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The importance of care continuity: How to match carers and clients
March 25, 2021
James Bowdler, Prime Carers
Why ensuring care continuity is important for the wellbeing of people and how you can choose a carer to suit a client.
The importance of care continuity: How to match carers and clients
As health care professionals, we strive to achieve the very best health and wellbeing outcomes for our clients. However, when they are discharged from the hospital, with their information pack of pamphlets, medicines, exercises and phone numbers to book things in the future and return home for the rest of their recovery, they often find themselves overwhelmed.
They lack the support they need to complete their recovery successfully. As a result, they end back in the hospital simply due to the lack of care continuity.
Despite their best efforts, hospital staff cannot know what demands and difficulties they have to manage at home. Their home may not be a relaxing space, especially for the elderly where there may be external family pressures or pets relying on them, there may be some work or financial worries, and there may not be the tools they need to move freely through their home. Home no longer offers them the right environment in which to recover safely.
The client does not always fully understand every bit of information they were given. They often lack the capacity to do every rehabilitation exercise, take their medication on time, or plan and prepare a supporting diet (maybe a new diet altogether). They struggle to navigate the many appointments they will need to arrange, prepare for and get to. Their discharge plan is often simply too difficult to master, so things are missed.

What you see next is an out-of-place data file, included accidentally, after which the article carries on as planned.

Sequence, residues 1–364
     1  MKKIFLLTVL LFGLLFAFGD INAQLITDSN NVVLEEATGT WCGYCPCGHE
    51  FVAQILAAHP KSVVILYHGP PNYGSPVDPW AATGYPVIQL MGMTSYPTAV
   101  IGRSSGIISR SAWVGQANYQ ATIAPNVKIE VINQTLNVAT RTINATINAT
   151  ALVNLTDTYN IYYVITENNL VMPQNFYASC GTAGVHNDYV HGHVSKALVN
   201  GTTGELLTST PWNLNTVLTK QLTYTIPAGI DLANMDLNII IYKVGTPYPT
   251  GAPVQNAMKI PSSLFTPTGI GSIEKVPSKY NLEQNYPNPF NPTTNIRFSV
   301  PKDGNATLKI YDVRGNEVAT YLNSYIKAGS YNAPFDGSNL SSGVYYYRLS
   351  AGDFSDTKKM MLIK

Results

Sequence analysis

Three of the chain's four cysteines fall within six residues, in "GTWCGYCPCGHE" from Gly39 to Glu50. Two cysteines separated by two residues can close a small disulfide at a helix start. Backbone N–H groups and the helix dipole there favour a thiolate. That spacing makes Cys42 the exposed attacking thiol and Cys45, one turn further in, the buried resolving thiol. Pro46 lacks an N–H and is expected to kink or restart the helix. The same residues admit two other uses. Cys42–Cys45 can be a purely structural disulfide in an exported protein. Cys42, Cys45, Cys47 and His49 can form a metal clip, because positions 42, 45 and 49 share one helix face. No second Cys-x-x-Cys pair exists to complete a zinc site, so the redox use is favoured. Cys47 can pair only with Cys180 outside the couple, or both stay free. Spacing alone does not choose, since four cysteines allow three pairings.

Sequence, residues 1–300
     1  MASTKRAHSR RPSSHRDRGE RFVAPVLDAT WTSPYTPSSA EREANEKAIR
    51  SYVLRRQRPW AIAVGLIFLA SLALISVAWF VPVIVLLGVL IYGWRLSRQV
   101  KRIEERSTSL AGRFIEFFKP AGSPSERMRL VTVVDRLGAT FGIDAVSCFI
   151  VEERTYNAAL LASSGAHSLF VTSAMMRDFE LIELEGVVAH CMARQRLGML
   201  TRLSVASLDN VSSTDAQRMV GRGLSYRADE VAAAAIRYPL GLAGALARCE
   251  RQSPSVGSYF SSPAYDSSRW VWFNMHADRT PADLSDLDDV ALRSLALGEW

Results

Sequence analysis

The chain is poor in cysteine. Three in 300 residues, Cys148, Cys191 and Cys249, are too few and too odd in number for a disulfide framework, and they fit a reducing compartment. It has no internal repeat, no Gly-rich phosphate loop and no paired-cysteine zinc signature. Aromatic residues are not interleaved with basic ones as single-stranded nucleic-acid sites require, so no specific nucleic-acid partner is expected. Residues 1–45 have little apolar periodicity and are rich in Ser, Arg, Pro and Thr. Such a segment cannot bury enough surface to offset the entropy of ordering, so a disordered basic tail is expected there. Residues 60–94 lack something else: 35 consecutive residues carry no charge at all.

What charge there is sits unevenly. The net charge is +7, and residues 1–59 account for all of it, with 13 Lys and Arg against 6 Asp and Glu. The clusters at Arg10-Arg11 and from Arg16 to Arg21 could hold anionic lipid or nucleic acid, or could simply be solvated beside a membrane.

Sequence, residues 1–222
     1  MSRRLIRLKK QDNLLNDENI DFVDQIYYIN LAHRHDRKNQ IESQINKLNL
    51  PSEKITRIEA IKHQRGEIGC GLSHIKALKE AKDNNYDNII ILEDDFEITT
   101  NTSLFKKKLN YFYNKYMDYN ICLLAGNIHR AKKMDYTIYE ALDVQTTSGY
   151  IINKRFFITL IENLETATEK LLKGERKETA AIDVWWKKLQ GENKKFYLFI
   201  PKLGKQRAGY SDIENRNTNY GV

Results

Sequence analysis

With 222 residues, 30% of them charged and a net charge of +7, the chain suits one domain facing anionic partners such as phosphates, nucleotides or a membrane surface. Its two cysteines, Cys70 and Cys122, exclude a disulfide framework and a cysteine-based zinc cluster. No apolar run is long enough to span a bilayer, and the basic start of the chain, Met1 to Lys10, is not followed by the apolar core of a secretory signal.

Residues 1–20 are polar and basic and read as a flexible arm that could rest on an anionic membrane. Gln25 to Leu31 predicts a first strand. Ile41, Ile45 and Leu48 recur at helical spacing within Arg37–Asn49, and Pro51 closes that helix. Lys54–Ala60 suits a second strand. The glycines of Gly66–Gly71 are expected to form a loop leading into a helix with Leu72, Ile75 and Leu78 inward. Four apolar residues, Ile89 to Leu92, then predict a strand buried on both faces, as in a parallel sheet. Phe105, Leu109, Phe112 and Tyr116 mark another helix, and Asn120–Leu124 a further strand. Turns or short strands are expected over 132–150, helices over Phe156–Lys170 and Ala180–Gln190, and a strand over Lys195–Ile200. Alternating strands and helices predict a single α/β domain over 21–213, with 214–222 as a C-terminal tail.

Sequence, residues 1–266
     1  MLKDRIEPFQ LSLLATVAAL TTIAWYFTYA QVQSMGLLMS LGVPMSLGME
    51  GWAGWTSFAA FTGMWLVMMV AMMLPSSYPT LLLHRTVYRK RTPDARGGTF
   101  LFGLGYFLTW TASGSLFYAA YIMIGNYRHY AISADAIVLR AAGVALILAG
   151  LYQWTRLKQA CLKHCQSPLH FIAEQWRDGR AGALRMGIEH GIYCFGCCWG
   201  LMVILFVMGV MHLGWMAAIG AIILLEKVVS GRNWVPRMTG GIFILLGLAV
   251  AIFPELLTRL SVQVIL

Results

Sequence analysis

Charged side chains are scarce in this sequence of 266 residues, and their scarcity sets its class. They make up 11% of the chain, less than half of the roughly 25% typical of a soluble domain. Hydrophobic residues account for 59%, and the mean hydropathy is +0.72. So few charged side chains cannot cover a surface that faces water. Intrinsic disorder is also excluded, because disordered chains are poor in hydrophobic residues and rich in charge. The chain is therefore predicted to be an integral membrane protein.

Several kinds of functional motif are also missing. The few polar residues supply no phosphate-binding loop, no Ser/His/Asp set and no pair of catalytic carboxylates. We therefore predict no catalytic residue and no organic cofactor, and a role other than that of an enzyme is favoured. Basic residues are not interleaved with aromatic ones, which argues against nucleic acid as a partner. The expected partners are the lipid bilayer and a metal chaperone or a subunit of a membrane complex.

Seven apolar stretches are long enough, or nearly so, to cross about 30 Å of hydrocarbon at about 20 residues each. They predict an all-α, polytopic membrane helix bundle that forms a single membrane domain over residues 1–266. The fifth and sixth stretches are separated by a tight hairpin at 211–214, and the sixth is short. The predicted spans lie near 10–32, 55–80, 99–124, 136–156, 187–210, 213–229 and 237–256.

This is where care continuity SHINES. When carers meet the client and family ahead of discharge and can prepare the space for the client’s return, the carer can help them achieve the activities of daily living that they would otherwise struggle with. This covers everything from personal care to assisting the client with exercises, medication and meals. They can help with booking and preparing for appointments. They build a rapport with the client and their families and get to know what works for them personally, allowing them to take their current situation and fit it into the lives they lead. For many chronic or deteriorating disease processes, this could be a long-term professional relationship. The built trust can make all the difference to the client’s health and wellness outcomes over many weeks, months or years.
Good care continuity is the reason our clients recover and lead as comfortable and as happy a life as they can.
How to find the right carer:
For our clients, finding the right carer can feel like an incredibly daunting task. There are many considerations to make in order to find the right carer to fit the client and their needs. Before they or we as healthcare professionals even start looking for a carer, we need to do a few things first:
1. Identify the most pressing needs
What level of assistance does the client need?
Does the client need a carer who has the medical knowledge to work with medicine administration, special equipment or surgical intervention/wound management?
Does the client need assistance with bathing or toileting?